Welcome to Haven Coffee & Espresso Bar Located in the Town of Newburgh, Haven Coffee & Espresso Bar has become a local favorite for fresh and homemade fare. Using as many local ingredients as we are able, we’re committed to preserving the memories of the generations past as we update them for today’s palette. At Haven, you’ll always have ample choices that are made fresh and without preservatives. We enjoy knowing exactly what’s in our food, and think that you should too. We welcome you to stop in to pick up one of our delicious meals or desserts and if you have the time, join us in our dining room while you catch up with friends. Don’t forget, we have free wi-fi, and plenty of coffee! // /* */ Make yourself at home in one of our spacious booths and discover what sets us apart from the crowd. Enjoy the free Wi-Fi. Stay and work or sit and enjoy the handmade food! We look forward to welcoming you here soon!
Next, if you are going to make a cappuccino or a latte with your espresso, you will need to froth or steam milk. So you’ll need a frothing pitcher. For home espresso machines, you will only need a small 12-ounce frothing pitcher. You will NOT use a large frothing pitcher. It won’t fit, and home machines cannot froth that much milk at once.
Trying to make good espresso at home is often fraught with buyer's remorse. It's easy to be seduced by the promise of a $100 machine advertising “up to 15 bars of pressure!!” These machines lack pressure regulation that would maintain 9 bars of pressure throughout the whole shot (20-30 seconds). Nespresso and other pod machines are convenient, but cannot produce quality espresso. Not only do they lack the proper mechanics, but the coffee is of poor quality and pre-ground.
To make your espresso machine useable at home, it’s best to set up a little station with your espresso machine out of the way of your cooking area, and perhaps out of the kitchen. If you have a dining room, setting up your machine on a counter in there is best. Same for in a den, or on the counter in a breakfast nook.
To make your espresso, you’ll then put the ground coffee (ALL of it: 14 grams) into the portafilter of your espresso machine. You HAVE TO tamp the coffee firmly into the portafilter to compress it and get a good extraction. You cannot simply use your machine without tamping. You want your extraction to take 20-25 seconds. If it is not tamped, it won’t extract correctly.
So far, we’ve measured out 14 grams of beans, ground them, put them in the portafilter, and tamped them into the portafilter. Now you’ll lock the portafilter into your espresso machine, and you are ready to extract your espresso.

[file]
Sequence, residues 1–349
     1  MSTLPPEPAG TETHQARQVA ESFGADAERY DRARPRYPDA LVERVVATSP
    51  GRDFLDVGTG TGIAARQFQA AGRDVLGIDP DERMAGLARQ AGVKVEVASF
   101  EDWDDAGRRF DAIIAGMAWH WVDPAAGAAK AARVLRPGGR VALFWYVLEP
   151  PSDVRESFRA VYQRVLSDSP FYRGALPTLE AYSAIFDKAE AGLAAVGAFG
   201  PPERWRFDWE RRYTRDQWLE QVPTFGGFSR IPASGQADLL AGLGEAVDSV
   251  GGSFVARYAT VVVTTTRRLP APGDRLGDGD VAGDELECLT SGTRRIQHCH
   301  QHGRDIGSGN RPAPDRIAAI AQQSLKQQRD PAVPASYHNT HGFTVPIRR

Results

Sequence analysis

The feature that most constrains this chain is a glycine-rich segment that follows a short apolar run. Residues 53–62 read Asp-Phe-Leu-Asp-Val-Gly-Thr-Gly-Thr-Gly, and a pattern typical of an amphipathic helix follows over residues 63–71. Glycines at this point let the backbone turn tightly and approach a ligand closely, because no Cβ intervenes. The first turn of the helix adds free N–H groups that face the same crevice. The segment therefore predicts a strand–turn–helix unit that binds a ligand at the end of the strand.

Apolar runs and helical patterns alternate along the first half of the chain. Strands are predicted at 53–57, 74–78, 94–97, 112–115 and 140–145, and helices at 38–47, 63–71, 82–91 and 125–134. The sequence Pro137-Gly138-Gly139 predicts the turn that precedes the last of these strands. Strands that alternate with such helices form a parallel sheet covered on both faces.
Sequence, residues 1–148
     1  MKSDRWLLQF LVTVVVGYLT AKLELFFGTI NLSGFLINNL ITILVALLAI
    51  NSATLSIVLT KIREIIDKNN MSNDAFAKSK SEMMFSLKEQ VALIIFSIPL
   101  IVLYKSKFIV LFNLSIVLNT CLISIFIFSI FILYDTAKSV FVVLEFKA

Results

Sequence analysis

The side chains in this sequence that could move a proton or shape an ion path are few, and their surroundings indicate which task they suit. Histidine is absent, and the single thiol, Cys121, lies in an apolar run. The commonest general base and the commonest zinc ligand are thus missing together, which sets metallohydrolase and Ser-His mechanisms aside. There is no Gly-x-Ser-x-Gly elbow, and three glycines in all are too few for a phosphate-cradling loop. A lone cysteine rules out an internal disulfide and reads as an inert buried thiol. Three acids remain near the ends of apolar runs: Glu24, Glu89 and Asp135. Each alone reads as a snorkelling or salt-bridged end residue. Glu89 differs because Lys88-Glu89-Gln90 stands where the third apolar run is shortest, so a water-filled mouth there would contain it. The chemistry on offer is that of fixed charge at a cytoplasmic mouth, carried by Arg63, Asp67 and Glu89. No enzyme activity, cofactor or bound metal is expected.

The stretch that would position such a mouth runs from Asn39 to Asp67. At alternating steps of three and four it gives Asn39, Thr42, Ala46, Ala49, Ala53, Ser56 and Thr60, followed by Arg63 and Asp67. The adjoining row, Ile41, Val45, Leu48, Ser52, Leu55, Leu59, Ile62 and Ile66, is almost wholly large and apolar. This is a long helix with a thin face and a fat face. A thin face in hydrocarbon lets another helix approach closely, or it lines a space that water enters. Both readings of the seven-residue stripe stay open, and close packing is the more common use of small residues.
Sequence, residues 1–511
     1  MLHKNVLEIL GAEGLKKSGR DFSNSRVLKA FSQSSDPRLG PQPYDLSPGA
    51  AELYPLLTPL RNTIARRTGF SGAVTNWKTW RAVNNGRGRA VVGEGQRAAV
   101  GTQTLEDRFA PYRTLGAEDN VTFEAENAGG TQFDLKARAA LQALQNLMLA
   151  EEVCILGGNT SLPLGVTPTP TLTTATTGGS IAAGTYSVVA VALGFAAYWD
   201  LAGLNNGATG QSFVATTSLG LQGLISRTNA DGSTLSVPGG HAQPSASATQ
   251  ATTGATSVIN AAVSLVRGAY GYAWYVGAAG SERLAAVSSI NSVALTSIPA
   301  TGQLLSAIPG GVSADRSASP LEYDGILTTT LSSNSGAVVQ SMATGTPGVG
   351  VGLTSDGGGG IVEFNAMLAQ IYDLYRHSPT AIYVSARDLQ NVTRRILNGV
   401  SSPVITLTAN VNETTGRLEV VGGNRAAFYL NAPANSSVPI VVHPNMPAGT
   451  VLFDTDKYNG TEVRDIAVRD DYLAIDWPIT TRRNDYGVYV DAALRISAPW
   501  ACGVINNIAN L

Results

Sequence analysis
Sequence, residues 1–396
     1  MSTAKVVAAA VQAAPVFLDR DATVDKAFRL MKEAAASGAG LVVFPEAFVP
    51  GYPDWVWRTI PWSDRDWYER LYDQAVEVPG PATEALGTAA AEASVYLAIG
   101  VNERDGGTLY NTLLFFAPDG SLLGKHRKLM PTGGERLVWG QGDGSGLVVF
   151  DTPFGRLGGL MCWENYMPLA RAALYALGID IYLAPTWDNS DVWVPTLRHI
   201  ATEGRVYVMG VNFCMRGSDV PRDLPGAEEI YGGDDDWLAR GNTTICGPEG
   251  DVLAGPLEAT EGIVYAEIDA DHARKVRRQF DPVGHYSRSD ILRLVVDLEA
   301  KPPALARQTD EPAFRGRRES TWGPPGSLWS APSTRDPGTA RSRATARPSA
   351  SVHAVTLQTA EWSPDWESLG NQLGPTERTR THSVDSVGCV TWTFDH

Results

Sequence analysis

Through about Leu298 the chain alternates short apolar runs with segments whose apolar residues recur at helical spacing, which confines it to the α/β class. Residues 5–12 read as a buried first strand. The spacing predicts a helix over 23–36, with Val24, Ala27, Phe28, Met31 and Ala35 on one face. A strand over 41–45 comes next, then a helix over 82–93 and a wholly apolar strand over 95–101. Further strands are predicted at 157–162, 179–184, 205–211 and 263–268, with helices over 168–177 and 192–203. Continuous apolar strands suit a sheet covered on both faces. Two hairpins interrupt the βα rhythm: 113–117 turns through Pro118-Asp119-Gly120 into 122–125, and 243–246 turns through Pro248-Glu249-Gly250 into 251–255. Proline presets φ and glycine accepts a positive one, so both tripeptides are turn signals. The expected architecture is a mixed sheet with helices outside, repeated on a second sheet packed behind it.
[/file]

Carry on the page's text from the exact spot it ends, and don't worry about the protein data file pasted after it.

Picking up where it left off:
The name of the game in a good espresso machine is stability. Any fluctuation in heat, even to the tune of a couple of degrees Farenheit, can alter the taste of the coffee and make it impossible to pull consistently good shots. High-end espresso machines rely on a few important mechanisms for maintaining heat and pressure throughout the brewing process.
For many, espresso, and coffee in general, is purely functional. A pick-me-up. Obsessing over things like mouthfeel, crema color, and grind size will always seem ridiculous to the vast majority. But once you get a taste of a truly remarkable espresso, it’s hard not to seek more.
Home is a cute shop. I'd walked past it a few times but never gone in. The staff are super nice, especially the owner and the cutie pie waiter. The menu is written on the tile walls and the glass cabinet has some tasty stuff in it. Bread oriented cafes reek of familiarity because Melbournites are ridiculous carbed up bread pigs and the market caters for that. I order the iced coffee. 'Wow $2.50 that's cheap.' But Mimi has the wrong idea about the drink. About what it is. 'Meme.' I gesture at the waiter 'preparing' the iced coffee, which involves releasing it from the tap of a four gallon bucket. 'What the f*#*k?' She breathes. Yes in New York iced coffee is made in bulk. It's put in a bucket where it sits until someone releases it into your cup. There's no ice-cream and no cream. That's why the thing is cheap. That's why I started drinking coffee. We are the only customers but it takes them a long time to prepare the food. When it arrives it's virtually inedible. Dry like cardboard. But I eat it anyway then we complain to each other. I won't ever eat at Home Espresso Bar again. However because the staff are really nice I imagine I will drink their bucket coffee again.